There has been a fair amount of uproar about the proposed FIS equipment changes for the 2012/13 WC/Continental Cup season. I’ve stayed out of the online discussion so far, linking to other credible sources when they come about. But for the severity of the changes and how drastically they will affect the sport, there have been far too few top athletes speak out on the issue. I was with a large number of top racers and coaches for a few weeks in Zermatt, and not one person I spoke to was happy about the change, nor understood why these changes were being made, or how they would help to decrease injuries.
The change with by far the most discussion around it is the change in GS skis from 185cm/27m radius (both minimum) to 195cm/40m radius. Yes you read that correctly, a 13 meter radius jump in the core event that ski racing is based around. Think that will change style/tactics much? Bye bye carving. To put things in perspective, the current DH skis are 215cm/45m radius, SG are 210/33m.
Full table of changes here: http://www.fis-ski.com/data/document/specifications-ski-length-radius-profile-width-standing-height-final.pdf
UPDATE: FIS has removed the table from their website. Presumably to update it with the new 35m change instead of 40m. Cached copy here.
The FIS have not presented one shred of data on their testing of the new equipment, or anything explaining how these changes will reduce injuries. The SRS (Ski Racing Suppliers Association) presented FIS with a ‘protestschrieben’ (google translated to written protest) on the changes, in which they demonstrate their ‘reservations to the process which led to these new specifications, certain aspects of their content, and issues which will arise in connection with their implementation. Obviously the ski companies are not pleased with the changes and do not feel they will be entirely beneficial. They continue to say that they feel the testing was not conducted properly and on a wide enough scale to produce proper conclusions. The words ‘rushed’ and ‘haste’ are thrown around a fair amount. It is a fantastic read which brings up many points you wouldn’t otherwise know about the changes, so I highly recommend reading it.
There are many things the FIS should be focusing their efforts on. Safety is quite obviously at the top of the list, but needs to be gone about in a much more constructive way. Another is the attraction of skiing to the general public. I won’t lie, skiing is not the most fun sport to watch on TV. Mainly due to the fact that we still watch it the exact same way people did back in 1970. Coverage hasn’t evolved like almost every other successful mainstream sport has. On-board cameras have been around in F1 since the late 80s! We have the technology to make some pretty amazing things happen for spectators and viewers, and yet none of it is being utilized. Get some smart marketing/TV people on it and make the sport fun and interesting to watch for everyone, not just the die hards. (@MADMattPrice is a good one to talk to on this issue.)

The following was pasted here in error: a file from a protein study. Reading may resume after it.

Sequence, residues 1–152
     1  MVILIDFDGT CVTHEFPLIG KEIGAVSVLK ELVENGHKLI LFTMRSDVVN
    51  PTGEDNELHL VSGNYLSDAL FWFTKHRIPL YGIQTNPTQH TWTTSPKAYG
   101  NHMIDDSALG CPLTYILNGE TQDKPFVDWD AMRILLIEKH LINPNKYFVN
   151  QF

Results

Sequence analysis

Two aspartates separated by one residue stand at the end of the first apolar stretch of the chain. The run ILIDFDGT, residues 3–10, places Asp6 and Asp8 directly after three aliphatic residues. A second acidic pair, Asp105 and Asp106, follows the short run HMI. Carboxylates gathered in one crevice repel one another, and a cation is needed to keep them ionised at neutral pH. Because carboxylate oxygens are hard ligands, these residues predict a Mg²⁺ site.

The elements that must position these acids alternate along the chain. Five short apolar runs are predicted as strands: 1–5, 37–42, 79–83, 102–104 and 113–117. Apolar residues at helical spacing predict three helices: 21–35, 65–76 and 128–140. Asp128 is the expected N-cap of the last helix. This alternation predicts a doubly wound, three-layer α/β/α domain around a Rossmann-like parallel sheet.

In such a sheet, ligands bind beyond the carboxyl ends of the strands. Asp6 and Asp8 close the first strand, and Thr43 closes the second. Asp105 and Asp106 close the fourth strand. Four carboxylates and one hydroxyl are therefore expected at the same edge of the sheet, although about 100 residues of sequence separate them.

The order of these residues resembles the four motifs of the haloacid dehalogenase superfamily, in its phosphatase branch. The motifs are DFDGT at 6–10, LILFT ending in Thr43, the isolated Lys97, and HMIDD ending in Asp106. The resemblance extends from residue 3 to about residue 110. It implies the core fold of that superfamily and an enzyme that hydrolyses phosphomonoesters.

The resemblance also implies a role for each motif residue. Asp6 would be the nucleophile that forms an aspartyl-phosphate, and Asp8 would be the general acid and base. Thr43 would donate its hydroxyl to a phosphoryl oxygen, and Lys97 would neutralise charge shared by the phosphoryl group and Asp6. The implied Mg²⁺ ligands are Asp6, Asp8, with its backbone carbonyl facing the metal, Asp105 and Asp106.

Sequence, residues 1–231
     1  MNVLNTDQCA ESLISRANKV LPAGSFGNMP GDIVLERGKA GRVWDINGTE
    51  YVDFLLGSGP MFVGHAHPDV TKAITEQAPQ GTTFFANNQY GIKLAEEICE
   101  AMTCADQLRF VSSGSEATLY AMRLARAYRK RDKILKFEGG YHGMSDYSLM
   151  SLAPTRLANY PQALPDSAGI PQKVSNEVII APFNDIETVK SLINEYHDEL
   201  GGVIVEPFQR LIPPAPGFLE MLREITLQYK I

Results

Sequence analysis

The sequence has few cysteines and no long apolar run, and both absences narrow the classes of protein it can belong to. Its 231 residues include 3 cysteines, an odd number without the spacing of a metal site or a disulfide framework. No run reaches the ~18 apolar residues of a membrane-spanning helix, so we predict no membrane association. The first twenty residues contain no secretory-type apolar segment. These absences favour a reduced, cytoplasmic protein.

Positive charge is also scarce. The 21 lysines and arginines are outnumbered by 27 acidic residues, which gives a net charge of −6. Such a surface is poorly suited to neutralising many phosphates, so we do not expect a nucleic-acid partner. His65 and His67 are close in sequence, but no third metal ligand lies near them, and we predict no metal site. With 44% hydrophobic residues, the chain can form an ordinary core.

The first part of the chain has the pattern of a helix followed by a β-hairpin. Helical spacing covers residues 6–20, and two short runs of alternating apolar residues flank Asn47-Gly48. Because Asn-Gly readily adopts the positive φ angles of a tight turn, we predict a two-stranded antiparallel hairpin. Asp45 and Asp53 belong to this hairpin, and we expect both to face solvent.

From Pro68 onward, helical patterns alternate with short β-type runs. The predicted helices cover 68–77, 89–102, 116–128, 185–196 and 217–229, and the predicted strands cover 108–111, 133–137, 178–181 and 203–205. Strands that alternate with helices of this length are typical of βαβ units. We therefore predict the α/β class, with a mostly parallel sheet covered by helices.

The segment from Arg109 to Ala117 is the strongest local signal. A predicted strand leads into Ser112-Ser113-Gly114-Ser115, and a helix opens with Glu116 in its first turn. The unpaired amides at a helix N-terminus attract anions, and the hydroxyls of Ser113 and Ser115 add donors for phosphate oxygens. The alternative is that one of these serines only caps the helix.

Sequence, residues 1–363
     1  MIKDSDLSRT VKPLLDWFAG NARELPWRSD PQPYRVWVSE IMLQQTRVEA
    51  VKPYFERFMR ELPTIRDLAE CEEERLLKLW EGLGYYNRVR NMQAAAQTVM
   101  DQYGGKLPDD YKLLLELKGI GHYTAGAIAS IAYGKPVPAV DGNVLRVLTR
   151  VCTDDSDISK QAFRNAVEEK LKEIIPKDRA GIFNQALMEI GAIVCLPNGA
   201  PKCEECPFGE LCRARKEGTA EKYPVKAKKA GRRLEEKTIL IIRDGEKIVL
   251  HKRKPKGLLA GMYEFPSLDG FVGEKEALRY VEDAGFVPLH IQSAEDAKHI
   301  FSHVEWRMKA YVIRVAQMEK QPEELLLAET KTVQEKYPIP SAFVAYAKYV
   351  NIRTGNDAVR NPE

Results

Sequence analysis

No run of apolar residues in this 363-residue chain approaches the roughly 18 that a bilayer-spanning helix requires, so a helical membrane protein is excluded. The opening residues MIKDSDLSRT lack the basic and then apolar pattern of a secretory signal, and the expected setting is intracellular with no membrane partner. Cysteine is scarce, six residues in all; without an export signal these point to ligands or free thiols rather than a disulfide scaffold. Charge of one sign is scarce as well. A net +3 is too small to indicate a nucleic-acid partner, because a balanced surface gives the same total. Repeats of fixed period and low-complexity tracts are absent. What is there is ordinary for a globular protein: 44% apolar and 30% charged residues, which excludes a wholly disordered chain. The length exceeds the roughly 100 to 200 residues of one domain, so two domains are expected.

The most disturbing part about the whole thing is that (to my knowledge) not one athlete was asked how they felt about the changes, or what they think might help prevent injuries. When you have Ted Ligety, 3-time World Cup GS Crystal Globe winner, publicly ridicule the FIS, something might be wrong. What needs to happen for the FIS to realize that we the racers are the ones skiing, the ones feeling the speed, danger and adrenaline? We ski two thirds of every year, you’d think they would realize we have some valuable input on what could make the sport safer, while at the same time maintaining its beauty. For instance, regulate speed suits, or bases. You can’t tell the difference between 110km/h and 130km/h on TV. Slow the bases down, we slow down, things are safer and still look good, everybody wins.
Obviously I’m not happy about the changes and don’t think for one second that they will help to decrease injuries. I am someone who abides by the mantra that skiing is an inherently dangerous sport. No matter what you do, it’s dangerous to huck yourself down an icy chute with the intention of trying to get to the bottom as fast as you possibly can. Nothing will ever change that. Arbitrarily making changes to equipment every 3 or 4 years and hoping something will stick is clearly not the way to go, and I hope the FIS comes to their senses soon, or they may have more problems on their hands than blog posts by a few people who care.
UPDATE: Helmets. Helmets have been the single most overlooked safety aspect in ski racing in the past 20 years. Head injuries are just as common as knee injuries, but can be way more detrimental to a career, and to life after skiing. Way more research needs to be done for ski helmets to get up to par (don’t get me wrong, some companies are going in a good direction) but the FIS needs to step in and regulate things for the better. This could make a monumental difference in safety in comparison to the proposed changes.
Some other good blogs on the subject: